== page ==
As lateral approaches gain popularity in lumbar spine surgery, detailed discussions regarding anatomical variations in the innervation of the thoracolumbar region are of increasing importance. Damage to intercostal or subcostal nerves can lead to post-operative complications including regional loss of sensitivity, motor function, or abdominal wall hernias. More specifically, the subcostal nerve has been identified in the literature as one of the more vulnerable structures during such procedures. A clear understanding of the position of the subcostal nerve relative to nearby anatomical structures is therefore important for medical professionals. We herein report a rare anatomical variation in which the subcostal nerve pierces the lumbocostal ligament.
The 12th thoracic ventral spinal rami, more commonly known as the subcostal nerve, lies inferior to the 12th rib. It is connected to a sympathetic trunk ganglion by both grey and white rami communicantes . The subcostal nerve is the largest of the thoracic spinal ventral rami and often has a communicating branch with the first lumbar ventral ramus. After exiting the spinal column below the 12th thoracic vertebra, the subcostal nerve runs either anterior or inferior to the lumbocostal ligament. As it travels in a ventrolateral direction, the subcostal nerve passes inferior to the lateral arcuate ligament before piercing the transversus abdominis muscle, traveling between the transversus abdominis and the internal oblique muscle and innervating the external oblique muscle . A large, lateral cutaneous branch of the subcostal nerve continues to the skin of the anterior gluteal region, in some cases descending as far as a few centimeters above the iliac crest [3-4].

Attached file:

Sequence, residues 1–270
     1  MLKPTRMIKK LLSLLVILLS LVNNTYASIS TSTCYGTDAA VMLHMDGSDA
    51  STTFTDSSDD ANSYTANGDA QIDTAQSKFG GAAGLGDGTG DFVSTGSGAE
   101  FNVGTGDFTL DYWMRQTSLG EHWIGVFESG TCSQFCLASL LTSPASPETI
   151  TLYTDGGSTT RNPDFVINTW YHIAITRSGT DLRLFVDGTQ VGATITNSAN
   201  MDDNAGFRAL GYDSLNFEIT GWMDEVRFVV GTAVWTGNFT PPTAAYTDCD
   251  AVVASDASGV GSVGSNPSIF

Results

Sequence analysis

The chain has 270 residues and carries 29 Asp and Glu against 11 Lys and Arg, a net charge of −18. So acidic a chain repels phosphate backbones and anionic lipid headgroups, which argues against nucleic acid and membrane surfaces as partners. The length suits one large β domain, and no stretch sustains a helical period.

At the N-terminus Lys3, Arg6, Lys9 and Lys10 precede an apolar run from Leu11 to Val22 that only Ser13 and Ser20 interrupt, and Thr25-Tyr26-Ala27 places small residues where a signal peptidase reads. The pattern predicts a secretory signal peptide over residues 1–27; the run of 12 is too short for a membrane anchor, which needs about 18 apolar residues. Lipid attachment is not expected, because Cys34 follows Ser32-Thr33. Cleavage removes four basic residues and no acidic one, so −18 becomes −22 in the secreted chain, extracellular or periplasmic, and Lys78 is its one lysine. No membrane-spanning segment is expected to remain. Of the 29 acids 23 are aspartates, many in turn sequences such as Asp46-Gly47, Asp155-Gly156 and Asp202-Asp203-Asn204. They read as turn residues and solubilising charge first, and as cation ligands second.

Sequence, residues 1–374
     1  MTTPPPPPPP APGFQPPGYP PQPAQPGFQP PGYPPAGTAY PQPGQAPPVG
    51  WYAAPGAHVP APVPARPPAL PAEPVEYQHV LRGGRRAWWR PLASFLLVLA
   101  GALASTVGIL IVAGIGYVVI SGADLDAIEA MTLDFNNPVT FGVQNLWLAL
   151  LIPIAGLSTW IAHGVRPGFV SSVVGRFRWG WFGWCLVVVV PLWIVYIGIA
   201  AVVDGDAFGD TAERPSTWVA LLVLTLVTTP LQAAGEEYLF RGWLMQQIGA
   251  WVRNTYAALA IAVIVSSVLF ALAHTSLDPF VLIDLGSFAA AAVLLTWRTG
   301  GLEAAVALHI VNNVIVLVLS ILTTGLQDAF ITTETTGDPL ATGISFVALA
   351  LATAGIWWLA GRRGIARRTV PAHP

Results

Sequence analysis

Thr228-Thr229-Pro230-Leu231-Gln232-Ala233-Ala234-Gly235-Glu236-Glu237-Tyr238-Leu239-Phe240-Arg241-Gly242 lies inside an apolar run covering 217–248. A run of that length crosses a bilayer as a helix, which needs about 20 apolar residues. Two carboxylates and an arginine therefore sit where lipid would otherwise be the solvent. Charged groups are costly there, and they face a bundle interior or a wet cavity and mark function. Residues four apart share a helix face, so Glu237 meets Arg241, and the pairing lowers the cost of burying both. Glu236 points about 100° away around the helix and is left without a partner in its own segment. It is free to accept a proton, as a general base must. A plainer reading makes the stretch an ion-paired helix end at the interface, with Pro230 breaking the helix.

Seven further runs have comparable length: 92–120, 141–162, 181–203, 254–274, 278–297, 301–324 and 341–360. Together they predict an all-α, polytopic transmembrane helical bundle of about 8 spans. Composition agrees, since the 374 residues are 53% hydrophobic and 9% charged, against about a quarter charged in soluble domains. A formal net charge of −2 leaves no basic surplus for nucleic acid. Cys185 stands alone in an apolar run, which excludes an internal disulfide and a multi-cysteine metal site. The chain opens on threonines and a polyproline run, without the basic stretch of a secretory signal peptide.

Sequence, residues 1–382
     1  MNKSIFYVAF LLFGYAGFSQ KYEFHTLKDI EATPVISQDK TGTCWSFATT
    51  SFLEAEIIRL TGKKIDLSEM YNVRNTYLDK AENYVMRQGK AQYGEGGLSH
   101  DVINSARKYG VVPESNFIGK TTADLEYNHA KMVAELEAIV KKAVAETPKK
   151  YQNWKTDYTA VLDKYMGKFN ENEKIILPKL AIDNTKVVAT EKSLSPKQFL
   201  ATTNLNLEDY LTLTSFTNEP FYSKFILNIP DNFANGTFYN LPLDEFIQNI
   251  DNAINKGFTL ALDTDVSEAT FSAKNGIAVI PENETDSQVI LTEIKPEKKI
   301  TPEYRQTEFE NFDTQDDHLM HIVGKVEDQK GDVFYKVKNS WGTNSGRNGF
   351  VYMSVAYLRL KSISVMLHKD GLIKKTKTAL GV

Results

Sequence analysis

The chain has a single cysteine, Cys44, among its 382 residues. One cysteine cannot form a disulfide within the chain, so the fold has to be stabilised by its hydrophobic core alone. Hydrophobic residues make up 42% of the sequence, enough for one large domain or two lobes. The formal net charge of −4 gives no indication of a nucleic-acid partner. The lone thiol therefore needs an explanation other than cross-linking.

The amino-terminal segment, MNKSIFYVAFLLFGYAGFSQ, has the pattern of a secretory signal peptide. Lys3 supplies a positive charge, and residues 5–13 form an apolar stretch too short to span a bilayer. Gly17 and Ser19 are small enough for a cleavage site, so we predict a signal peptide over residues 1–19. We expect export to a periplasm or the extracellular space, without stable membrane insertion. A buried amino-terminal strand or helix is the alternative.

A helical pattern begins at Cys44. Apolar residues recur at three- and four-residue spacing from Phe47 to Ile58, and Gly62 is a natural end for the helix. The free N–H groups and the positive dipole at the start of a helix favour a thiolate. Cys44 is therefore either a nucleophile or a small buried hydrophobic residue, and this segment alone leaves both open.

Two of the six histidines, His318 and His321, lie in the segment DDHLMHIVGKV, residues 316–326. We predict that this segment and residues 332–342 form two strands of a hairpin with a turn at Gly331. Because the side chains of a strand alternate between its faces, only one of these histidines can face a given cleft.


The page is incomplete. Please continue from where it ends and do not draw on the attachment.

The thoracolumbar region of an 81-year-old Caucasian male fresh frozen cadaver was dissected using a posterior approach. During dissection, a variation in the course of the subcostal nerve was observed on the left side. The subcostal nerve, emerging below the 12th thoracic vertebra slightly inferior to the 12th rib, pierced the lumbocostal ligament posteriorly (Figure 1). In this specimen, the lumbocostal ligament stretched between the left lateral edge of the first lumbar vertebra to the inferior edge of the 12th thoracic vertebra. Continuing laterally on the anterior side of the lumbocostal ligament, the subcostal nerve then emerged at the junction between the ligament and the rib. From this point, the nerve followed a typical anatomical course. The right subcostal nerve in this specimen did not pierce the lumbocostal ligament.
The subcostal nerve is one of the most important and vulnerable nerves encountered in the thoracolumbar region [5-6]. In a study analyzing the branching of nerves in the anterolateral abdominal wall, Alonso et al.  found that on average, the subcostal nerve had eight separate branches – a greater number than both the 11th intercostal nerve and L1 nerve, superior and inferior to the subcostal nerve, respectively. Furthermore, the subcostal nerve regularly runs around 2 cm below the 12th rib , exposing it to iatrogenic damage during surgical procedures . In contrast, the first through 11th intercostal nerves tend to run along grooves in the corresponding ribs, mitigating the risk of partial or complete transection . The lumbocostal ligament may have an important role to play in preventing damage to the subcostal nerve. As noted by Saker et al. , due to its proximity, utilizing the lumbocostal ligament as a landmark during surgery may help surgeons to visualize and locate both the subcostal nerve and the adjacent dorsal rami as they exit below the 12th thoracic vertebra.